Shopgirl, Steve Martin
I read Shopgirl at a time in my life when I felt completely miserable and lonely and as though my dreams would never come true. I’m prone to theatrics, clearly, but this book, by Steve Martin (yes – a very famous comedian; no – this is not a funny book) perfectly captured the loneliness of being a shopgirl, or, as I was, a ‘checkout chick’. Standing day-in, day-out at a counter, and living away from your parents all the way in LA could be very isolating. So could anywhere. Shopgirl made me feel less like everything was bad and would never change. It made me feel less like the only lonely one.
Norwegian Wood, Haruki Murakami
This tale might be of a young guy navigating the heavy stuff of your late teens, but loneliness is universal, right? Toru Watanabe is dealing with love, the death of a friend, and the isolation of living on-campus at university. Norwegian Wood is full of that heavy, but echo-y feeling of being alone with your thoughts for a bit too long. Maybe reading it will remind you of how much worse you felt when you were 19?
White Teeth, Zadie Smith
Smith’s now-classic debut has a host of characters, and the nature of its content gives you that feeling of being in your parent’s living room reading a book, cosy under a blanket, while activity buzzes around you. Zadie Smith writes her characters warmly and with great humour, and I reckon you can feel that come up off the page at you when you read her.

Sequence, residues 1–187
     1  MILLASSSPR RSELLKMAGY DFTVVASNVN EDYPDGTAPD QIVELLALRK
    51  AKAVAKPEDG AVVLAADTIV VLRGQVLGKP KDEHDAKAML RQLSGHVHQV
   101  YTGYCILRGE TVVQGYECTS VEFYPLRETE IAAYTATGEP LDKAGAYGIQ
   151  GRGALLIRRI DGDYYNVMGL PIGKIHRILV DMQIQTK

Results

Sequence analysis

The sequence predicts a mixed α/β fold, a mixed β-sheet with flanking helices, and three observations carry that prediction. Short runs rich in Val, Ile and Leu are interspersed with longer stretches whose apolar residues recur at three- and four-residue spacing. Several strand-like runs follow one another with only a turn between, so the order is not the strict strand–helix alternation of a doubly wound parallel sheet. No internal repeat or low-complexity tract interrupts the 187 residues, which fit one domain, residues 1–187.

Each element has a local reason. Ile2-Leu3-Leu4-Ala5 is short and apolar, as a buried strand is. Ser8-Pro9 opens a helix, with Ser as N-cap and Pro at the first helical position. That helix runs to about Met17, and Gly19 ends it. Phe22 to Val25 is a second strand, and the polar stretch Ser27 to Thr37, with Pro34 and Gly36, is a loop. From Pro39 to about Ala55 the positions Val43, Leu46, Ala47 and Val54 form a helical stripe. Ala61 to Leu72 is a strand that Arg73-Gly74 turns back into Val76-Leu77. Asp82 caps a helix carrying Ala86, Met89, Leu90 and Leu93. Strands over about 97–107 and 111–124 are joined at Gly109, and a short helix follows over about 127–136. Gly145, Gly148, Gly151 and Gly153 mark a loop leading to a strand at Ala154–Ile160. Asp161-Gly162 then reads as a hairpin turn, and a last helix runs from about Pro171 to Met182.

Tiny Beautiful Things: Advice on Love and Life from Dear Sugar, Cheryl Strayed
Before she released Wild and her sales also went wild (I’m sorry, I’m sorry I’m trying to delete it), Cheryl Strayed wrote an advice column for The Rumpus. It was called Dear Sugar and you could write in your problems and she always responded with such compassion and insight. I read this book on a big rock while the sun set and I cried a bunch. I was alone, recently single, and having a crisis. This book felt like someone holding my hand and rubbing my back and watching the sun set with me.
The Baby-Sitters Club
If all else fails, say hello to your friends. Nostalgia, in and of itself, can be a comfort, and what’s more nostalgic than curling up with the books you read as a kid? YA and kids books are very readable, which is great when you’re brain-tired from feelin’ blue, and the everything-will-work-out simplicity of a gang of girls getting into mischief in between their high school cash-in-hand job of child minding is the simple pleasure you need when pining for a friend.
Sweet snap by Love of Books.